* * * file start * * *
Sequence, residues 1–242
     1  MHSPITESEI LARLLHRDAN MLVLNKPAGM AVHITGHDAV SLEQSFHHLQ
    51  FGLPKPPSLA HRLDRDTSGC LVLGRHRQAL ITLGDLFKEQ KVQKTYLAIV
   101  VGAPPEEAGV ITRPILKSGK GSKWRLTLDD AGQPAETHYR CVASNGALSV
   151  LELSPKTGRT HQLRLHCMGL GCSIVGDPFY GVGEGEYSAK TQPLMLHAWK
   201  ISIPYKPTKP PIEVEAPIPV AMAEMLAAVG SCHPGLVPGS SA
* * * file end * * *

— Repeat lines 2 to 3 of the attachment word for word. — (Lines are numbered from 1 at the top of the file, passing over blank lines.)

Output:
     1  MHSPITESEI LARLLHRDAN MLVLNKPAGM AVHITGHDAV SLEQSFHHLQ
    51  FGLPKPPSLA HRLDRDTSGC LVLGRHRQAL ITLGDLFKEQ KVQKTYLAIV